After you've completed a solder joint, you should inspect it to make sure the joint is good. Look at it under a magnifying glass, and gently wiggle the component to see if the joint is stable. A good solder joint should be shiny and fill but not overflow the pad.


Nearly all bad solder joints are caused by one of three things: not allowing the wire and pad to heat sufficiently, applying too much solder, or melting the solder with the soldering iron instead of with the wire lead. Here are some indications of a bad solder joint:

  • The pad and lead aren't completely covered with solder, enabling you to see through one side of the hole through which the lead passes. Either you didn't apply quite enough solder, or the pad wasn't quite hot enough to accept the solder.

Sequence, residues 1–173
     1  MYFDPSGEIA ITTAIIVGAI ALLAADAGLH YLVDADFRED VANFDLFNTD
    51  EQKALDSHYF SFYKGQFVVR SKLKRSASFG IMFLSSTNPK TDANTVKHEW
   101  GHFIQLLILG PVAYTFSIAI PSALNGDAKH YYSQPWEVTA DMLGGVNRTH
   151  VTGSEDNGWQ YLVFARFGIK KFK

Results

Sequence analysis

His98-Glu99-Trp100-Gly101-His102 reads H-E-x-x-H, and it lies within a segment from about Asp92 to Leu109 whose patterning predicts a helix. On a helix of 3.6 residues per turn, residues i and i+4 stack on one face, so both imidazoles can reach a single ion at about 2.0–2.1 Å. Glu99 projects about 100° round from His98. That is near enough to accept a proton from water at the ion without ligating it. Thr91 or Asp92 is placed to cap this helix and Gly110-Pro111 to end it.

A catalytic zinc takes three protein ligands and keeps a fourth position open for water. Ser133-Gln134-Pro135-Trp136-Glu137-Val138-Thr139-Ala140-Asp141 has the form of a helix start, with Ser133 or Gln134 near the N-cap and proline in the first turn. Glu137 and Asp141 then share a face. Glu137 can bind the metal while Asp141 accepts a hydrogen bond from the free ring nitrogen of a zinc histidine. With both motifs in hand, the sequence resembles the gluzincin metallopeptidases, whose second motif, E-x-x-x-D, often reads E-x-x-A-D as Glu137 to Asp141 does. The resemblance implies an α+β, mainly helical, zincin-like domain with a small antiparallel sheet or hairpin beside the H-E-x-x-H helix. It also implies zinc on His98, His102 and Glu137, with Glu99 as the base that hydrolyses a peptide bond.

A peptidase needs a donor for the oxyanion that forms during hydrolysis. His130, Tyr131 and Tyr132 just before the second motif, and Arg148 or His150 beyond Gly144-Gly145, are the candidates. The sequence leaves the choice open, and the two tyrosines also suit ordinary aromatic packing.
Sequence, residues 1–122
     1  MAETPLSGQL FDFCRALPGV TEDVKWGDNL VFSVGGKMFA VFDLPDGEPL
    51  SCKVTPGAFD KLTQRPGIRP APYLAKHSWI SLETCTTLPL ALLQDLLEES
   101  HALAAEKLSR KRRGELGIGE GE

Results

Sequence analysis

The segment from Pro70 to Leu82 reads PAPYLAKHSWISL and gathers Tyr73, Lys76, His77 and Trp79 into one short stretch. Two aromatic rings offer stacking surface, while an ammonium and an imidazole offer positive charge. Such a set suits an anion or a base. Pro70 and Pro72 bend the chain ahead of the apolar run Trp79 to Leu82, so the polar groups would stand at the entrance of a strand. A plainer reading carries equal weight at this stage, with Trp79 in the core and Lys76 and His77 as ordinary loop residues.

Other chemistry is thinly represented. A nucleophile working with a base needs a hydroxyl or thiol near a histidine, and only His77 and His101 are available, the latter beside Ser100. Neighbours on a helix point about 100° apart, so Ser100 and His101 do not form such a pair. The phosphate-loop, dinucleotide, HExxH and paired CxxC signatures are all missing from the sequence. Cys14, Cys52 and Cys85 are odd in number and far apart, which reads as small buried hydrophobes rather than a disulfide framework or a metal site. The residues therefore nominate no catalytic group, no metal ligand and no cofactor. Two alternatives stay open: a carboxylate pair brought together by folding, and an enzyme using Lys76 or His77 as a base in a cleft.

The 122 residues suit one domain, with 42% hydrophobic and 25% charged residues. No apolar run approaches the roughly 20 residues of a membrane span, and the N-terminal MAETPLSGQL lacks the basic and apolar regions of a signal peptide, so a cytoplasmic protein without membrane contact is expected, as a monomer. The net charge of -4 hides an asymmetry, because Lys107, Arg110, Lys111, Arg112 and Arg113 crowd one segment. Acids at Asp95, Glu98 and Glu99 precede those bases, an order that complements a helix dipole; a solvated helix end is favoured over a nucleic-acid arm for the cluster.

• The lead is loose in the hole or the solder isn't firmly attached to the pad. One possible reason for this is that you moved the lead before the solder had completely cooled.

  • The solder isn't shiny. Shiny solder indicates solder that heated, flowed, and then cooled properly. If the solder gets just barely hot enough to melt, then flows over a wire or pad that isn’t heated sufficiently, it will be dull when it cools. (Unfortunately, the new lead-free solder almost always cools dull, so it looks like a bad solder joint even when the joint is good!)

  • Solder overflows the pad and touches an adjacent pad. This can happen if you apply too much solder. It can also happen if the pad didn't get hot enough to accept the solder, which can cause the solder to flow off the pad and onto an adjacent pad. If solder spills over from one pad to an adjacent pad, your circuit may not work right.